When I cover my head in respect for the Holy One, it feels right. This act touches on a religious truth of who I am. To me, it not only matches who I am, it also expresses something about who I strive to be and the relationship I want to have with G-d.
Seeing Caitlyn Jenner on the cover of Vanity Fair, I think she’d say something similar about herself. Her outward appearance touches to the very core of who she is and who she has had the strength and courage to become. Not only that, it feels right.
Sure, there is a wide gulf between the public nature of Jenner’s cover photo and my public head covering, yet, in these two examples, I see a number of connections. First, there is the real possibility of harm and danger. Second, there is a link between outside actions that express something true about the person on the inside. Third, value is placed on the agency and autonomy of the individual carrying out those actions. Finally, there is a performativity connection between religiosity and gender. It is the last point that I find particularly compelling.
I don’t cover my head anymore on a daily basis although I used to before I moved to Europe. Even though it doesn’t feel right, with the rise of anti-Semitism, it seems like the safe and unfortunately prudent thing to do. I also don’t wear any signifying my religion except for a small star of David earring. In 2014, by the Jewish community’s own account, anti-Semitism grew 200% in the Czech Republic alone. Statistics seems to support my actions.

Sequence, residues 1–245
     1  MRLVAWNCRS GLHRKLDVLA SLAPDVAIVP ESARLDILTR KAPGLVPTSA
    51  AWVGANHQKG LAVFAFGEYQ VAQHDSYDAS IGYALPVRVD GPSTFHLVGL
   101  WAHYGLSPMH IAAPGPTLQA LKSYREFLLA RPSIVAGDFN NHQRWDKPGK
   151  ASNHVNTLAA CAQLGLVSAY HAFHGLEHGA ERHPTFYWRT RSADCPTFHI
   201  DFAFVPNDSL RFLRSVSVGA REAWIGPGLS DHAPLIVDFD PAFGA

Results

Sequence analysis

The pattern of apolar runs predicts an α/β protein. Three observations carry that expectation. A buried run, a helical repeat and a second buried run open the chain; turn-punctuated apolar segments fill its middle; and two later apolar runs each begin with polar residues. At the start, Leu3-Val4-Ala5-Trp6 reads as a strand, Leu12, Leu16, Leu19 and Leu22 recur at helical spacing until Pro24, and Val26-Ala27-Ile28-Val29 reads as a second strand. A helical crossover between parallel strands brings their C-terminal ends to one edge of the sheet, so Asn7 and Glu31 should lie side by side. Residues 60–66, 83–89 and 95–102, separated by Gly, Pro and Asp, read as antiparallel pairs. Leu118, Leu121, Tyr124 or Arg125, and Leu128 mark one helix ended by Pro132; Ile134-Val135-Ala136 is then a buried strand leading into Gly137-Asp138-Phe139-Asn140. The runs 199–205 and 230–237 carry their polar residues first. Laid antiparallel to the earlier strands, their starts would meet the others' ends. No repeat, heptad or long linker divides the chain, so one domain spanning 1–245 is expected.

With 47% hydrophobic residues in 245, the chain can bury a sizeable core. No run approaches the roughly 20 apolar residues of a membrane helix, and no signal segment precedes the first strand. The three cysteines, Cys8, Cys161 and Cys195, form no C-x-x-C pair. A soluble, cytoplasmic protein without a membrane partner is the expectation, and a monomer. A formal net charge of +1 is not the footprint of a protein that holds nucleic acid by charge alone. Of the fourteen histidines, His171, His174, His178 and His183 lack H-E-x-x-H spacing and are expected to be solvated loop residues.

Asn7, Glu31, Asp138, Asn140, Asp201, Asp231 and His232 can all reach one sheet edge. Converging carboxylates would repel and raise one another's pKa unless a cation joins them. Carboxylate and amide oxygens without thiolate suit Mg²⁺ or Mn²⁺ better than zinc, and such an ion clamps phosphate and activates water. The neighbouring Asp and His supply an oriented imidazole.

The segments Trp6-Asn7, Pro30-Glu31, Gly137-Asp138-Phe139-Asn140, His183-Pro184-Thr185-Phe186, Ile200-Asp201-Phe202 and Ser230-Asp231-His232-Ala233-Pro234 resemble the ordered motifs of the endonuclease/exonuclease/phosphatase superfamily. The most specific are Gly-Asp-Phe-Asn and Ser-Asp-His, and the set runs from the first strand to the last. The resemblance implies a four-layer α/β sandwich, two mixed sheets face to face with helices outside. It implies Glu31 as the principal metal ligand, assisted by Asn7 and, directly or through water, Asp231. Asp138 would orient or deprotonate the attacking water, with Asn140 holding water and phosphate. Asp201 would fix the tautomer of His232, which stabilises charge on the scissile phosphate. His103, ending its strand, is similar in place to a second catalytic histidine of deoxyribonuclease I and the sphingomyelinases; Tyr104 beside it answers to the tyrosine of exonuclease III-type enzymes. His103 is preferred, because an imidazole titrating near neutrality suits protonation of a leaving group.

Jenner too, like so many members of the trans community, now has the real threat of violence against her person. While her public persona may make her somewhat safer, too many trans men and women have been harmed and even murdered just for being themselves. In fact, many trans people live closeted lives because of this danger and the fear of rejection from family, friends and the larger society.
While not minimizing the fear and danger, I want to return to the more theoretical link between gender expression, gender identity and religious identity. In 1990, Judith Butler wrote Gender Trouble: Feminism and the Subversion of Identity. For Butler, what we think of sex and its connections to gender as masculinity and femininity often come down to a person performing gender in a way that is socially recognizable. People wear clothing, do actions, speak words and use body language that marks them as woman or man and therefore individual agents adhere to societal constructions of gender at the same time they reinforce societal expectations for men and women. Butler’s suggestion is that gender performances, that subvert “normal” discourses on gender expression, show the ways in which gender is culturally constructed. They also disrupt what has been seen as somehow inherently natural. In other words, biologically-sexed females acting, dressing, speaking and behaving in ways typically associated with masculinity disrupts what it means to be both a woman and to be masculine. This would be impossible if things were as natural as society thinks they are.